When someone says they don’t plan to resign, you can bet they’re about to resign. On Sept. 9, UBS CEO Oswald Gruebel said he would not resign after the bank reported a $2 billion loss from unauthorized trading. He declined responsibility saying, “If someone acts with criminal intent, you can’t do anything. That will always exist in our job. If you ask me whether I feel guilty, then I say no.” On Sept. 24, Gruebel resigned. Chairman Kaspar Villiger wrote in a statement that “Oswald Gruebel feels that it is his duty to assume responsibility for the recent unauthorized trading incident.” (This reiterates that it’s not the crisis that gets you, it’s how you handle it. In the beginning, Gruebel should have accepted responsibility for heading the system that allowed the trades to happen and should have articulated a commitment to a solution. He certainly should not have shrugged off “criminal intent” as something that “will always exist.” It’s true, but it’s the wrong thing to say. Remember, the goal is always to have 100 percent compliance, safety, etc. You know you may never reach the goal, but it’s important to articulate it and to get a little closer each year.)

Bloomberg, “UBS Chief Gruebel dismisses Calls to Resign After Trading Loss,” Sept. 18, 2011

Bloomberg, “Gruebel Resigns from UBS After $2.3 Billion Trading Loss,” Sept. 24, 2011

“I’m good-looking, rich and a great footballer. They’re jealous of me,” said Real Madrid soccer star Cristiano Ronaldo, explaining why he was jeered by his home crowd. (Ouch. Ronaldo didn’t get the memo about humility and being self-effacing. Cristiano, they may be jeering because you’re a self-centered egotist. Criticizing the ump as “an embarrassment” probably won’t win you any friends either. There’s sort of a codebook for athletes who want to stay in fans’ good graces. You say, “I don’t know. I want to perform well for the fans and I feel very blessed to have been given these opportunities.”  Then you add, “I disagree with Referee Moen. I’ll just keep trying to win football games and excite the fans.” Write that down. People don’t like people who boast. It catches up with you sooner or later.)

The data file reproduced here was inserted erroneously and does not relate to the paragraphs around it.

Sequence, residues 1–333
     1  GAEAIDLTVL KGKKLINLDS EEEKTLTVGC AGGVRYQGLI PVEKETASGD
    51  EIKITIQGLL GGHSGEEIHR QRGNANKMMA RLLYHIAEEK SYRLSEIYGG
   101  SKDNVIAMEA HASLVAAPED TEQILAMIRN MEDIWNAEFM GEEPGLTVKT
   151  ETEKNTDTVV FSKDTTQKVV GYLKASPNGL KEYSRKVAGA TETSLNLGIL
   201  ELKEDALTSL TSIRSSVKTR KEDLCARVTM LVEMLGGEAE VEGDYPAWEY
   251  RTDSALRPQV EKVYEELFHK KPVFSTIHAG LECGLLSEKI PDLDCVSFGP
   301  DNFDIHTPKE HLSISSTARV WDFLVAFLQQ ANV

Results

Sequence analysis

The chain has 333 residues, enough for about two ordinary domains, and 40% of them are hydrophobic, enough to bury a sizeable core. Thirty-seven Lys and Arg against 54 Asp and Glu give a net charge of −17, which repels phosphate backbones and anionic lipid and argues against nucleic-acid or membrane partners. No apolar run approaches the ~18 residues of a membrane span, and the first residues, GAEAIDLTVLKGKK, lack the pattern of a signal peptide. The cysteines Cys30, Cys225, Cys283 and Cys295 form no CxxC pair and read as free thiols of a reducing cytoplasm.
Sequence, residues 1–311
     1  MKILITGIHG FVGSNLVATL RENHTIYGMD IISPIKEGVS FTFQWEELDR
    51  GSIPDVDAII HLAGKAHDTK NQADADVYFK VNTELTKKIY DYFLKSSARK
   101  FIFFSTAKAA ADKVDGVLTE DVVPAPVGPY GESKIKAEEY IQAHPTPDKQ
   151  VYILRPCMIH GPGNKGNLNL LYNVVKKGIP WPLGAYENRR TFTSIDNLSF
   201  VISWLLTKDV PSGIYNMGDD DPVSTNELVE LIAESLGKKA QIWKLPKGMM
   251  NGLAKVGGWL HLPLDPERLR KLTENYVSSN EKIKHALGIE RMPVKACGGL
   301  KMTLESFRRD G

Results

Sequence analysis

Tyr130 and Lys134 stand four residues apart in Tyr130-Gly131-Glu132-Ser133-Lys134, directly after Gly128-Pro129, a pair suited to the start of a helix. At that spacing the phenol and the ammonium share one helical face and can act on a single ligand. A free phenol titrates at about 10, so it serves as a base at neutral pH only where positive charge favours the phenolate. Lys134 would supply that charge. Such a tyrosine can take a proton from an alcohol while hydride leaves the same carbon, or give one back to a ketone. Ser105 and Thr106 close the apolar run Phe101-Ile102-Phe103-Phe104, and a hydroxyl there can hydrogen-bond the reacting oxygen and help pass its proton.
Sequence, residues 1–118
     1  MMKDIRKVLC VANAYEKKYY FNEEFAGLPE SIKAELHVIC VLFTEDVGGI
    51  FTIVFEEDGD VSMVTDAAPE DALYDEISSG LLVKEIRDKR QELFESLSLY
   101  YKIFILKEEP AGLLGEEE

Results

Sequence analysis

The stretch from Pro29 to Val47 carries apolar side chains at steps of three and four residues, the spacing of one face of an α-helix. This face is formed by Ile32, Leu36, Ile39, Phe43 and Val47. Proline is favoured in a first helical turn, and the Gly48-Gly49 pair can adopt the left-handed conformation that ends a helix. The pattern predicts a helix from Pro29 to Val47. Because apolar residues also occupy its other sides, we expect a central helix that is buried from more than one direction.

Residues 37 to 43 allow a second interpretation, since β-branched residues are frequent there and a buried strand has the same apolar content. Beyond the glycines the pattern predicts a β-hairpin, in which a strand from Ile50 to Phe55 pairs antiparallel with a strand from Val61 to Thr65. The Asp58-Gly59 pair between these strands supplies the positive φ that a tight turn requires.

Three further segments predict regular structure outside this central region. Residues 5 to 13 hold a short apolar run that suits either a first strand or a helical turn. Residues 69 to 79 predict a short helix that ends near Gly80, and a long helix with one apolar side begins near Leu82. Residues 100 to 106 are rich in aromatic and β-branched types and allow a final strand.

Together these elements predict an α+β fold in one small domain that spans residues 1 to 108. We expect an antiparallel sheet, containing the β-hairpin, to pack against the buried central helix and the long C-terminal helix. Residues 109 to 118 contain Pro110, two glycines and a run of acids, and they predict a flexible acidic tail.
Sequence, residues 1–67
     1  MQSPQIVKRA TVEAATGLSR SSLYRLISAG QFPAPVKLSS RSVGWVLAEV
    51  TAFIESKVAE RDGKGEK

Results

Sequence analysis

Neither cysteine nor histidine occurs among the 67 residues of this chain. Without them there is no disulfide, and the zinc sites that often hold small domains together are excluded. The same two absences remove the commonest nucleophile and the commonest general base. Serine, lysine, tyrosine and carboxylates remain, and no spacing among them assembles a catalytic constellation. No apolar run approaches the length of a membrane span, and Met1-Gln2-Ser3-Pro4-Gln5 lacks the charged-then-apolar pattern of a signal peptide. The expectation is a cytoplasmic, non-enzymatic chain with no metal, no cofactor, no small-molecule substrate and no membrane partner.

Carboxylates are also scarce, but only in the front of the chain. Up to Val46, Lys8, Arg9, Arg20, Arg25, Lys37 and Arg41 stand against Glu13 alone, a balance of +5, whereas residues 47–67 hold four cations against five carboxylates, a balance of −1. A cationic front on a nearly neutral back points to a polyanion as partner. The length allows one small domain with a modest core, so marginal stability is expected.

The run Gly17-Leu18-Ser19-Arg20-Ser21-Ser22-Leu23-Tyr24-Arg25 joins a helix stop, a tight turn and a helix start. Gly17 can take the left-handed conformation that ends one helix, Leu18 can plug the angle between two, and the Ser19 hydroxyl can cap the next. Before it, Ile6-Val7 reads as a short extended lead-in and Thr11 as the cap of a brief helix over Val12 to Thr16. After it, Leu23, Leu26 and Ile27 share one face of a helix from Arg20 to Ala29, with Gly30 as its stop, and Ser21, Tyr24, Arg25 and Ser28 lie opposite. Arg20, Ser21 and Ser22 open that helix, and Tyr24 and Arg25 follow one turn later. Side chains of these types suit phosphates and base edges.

CNN, “Ronaldo: Fans boo me because ‘I’m good looking, rich and great,’” Sept. 15, 2011


“Arsenic” was what Dr. Mehmet Oz said was in apple juice on a recent episode of “The Dr. Oz Show,” setting off national panic among mothers and a debate among health experts. (This example illustrates the power of a “bad word” as well as the confusion statistics can cause when not put into context. The word “arsenic” terrified mothers. Dr. Oz justified his “research” by saying the samples he tested contained more than 10 parts per billion, the level allowed in drinking water. The FDA, which does not regulate arsenic in juice – says it’s about 23 PPB – and a number of health experts slammed the doctor. Others joined the debate, saying apple juice was high in sugar and calories. The Environmental Working Group, ever quick to spot a chance for troublemaking, promoted their “Dirty Dozen” list. As a parent of three children who were devoted to juice boxes, the decision should be left up to the parents. Dr. Oz is obviously plugging for ratings rather than good health and wise parenting practices. Let’s dub Dr. Oz “toxic.” Note the word “arsenic” shows up in all the headlines.)

Dr. Oz, Sept. 13, 2011

Huffington Post, “Arsenic in Juice: How Concerned Should Parents Be?” Sep. 23, 2011